Top tracks of 2019 #5 – Kate Tempest, Thelma Plum & Gaz Coombes

Richard:

The second of three overtly political tracks in a row in my countdown. Not the way I planned it but the way it has fallen out. It is interesting that all three are very different in their approach. She Drew The Gun was a wide ranging political critique, a forensic examination of the State Of Nation and People’s Faces’ by Kate Tempest also starts in a very dark place:

It’s coming to pass
My countries coming apart
The whole thing’s becoming
Such a bumbling farce
Was that a pivotal historical moment
We just went stumbling past?

However unlike She Drew The Gun, the song also offers hope, a ray of light a form of humanist salvation:

None of this was written in stone
The current’s fast but the river moves slow
And I can feel things changing
Even when I’m weak and I’m breaking
I stand weeping at the train station
‘Cause I can see your faces…
I love people’s faces

I am playing this song a lot at the moment.

https://youtu.be/9y0V0ro2Nf0

Roy:

I liked Supergrass they released some fine, perky Britpop singles and were a hugely enjoyable live proposition. However, Gaz Coombes solo output has taken him on to a whole new creative musical level. Now on his 3rd solo album, this lead-off track is his finest work to date ; incorporating fizzing post-punk, untethered sax and woozy psychedelia.

Number 5 – Gaz Coombes, ‘Salamander’

 

Ian:

#5 comes from my third indigenous artist. As noted for the earlier Mojo Juju and Baker Boy, the success of Thelma Plum is her ability to tell stories of the contemporary Aboriginal experience within modern music forms. Thelma’s lyrics speak to racism directed at her via social media (“Better in Blak”), of growing up Aboriginal in regional Australia (“Homecoming Queen”) and on the mistreatment of Aboriginal minors in a remote detention centre. Over the last few years she has worked hard at her craft, collaborating with stand-out Australian song writers and producers like Paul Kelly, Dave Le’aupepe (Gang of Youths) and Alex Burnett (formerly Sparkadia, now Antony & Cleopatra). She also has a writing credit with Paul McCartney as he contributed to the track “Made for You” having heard an early version while they were both working at the same studio in NYC. Her album is full of wonderful pop tunes, any one of which could be my #5, but I have selected her optimistic reflection on compassion and understanding, “Not Angry Any More”.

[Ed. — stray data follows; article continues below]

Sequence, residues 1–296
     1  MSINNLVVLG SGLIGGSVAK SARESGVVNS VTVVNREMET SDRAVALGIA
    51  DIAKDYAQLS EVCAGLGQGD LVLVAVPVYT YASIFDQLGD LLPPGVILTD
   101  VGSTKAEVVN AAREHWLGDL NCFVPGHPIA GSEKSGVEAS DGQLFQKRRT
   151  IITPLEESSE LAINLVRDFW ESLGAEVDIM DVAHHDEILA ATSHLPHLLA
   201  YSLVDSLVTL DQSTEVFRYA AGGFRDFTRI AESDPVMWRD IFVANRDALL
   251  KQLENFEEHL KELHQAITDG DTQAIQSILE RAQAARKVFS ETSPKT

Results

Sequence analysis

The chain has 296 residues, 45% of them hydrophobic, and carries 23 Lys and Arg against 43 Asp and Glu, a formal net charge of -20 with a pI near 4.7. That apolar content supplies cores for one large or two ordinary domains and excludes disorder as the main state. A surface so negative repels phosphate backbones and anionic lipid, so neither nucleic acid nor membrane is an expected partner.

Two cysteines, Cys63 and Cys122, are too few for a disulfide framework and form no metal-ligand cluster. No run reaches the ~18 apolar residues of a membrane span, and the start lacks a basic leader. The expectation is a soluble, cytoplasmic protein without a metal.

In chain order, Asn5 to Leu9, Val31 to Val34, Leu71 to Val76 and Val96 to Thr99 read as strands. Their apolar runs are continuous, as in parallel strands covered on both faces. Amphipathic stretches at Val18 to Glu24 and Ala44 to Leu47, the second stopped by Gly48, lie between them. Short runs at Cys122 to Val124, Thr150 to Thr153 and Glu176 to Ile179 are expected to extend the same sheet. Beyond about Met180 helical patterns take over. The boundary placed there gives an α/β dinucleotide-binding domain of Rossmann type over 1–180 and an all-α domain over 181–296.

3 thoughts on “Top tracks of 2019 #5 – Kate Tempest, Thelma Plum & Gaz Coombes

  1. I liked Supergrass they released some fine, perky Britpop singles and were a hugely enjoyable live proposition. However, Gaz Coombes solo output has taken him on to a whole new creative musical level. Now on his 3rd solo album, this lead-off track is his finest work to date ; incorporating fizzing post-punk, untethered sax and woozy psychedelia.

    Number 5 – Gaz Coombes, ‘Salamander’

  2. #5 comes from my third indigenous artist. As noted for the earlier Mojo Juju and Baker Boy, the success of Thelma Plum is her ability to tell stories of the contemporary Aboriginal experience within modern music forms. Thelma’s lyrics speak to racism directed at her via social media (“Better in Blak”), of growing up Aboriginal in regional Australia (“Homecoming Queen”) and on the mistreatment of Aboriginal minors in a remote detention centre. Over the last few years she has worked hard at her craft, collaborating with stand-out Australian song writers and producers like Paul Kelly, Dave Le’aupepe (Gang of Youths) and Alex Burnett (formerly Sparkadia, now Antony & Cleopatra). She also has a writing credit with Paul McCartney as he contributed to the track “Made for You” having heard an early version while they were both working at the same studio in NYC. Her album is full of wonderful pop tunes, any one of which could be my #5, but I have selected her optimistic reflection on compassion and understanding, “Not Angry Any More”.

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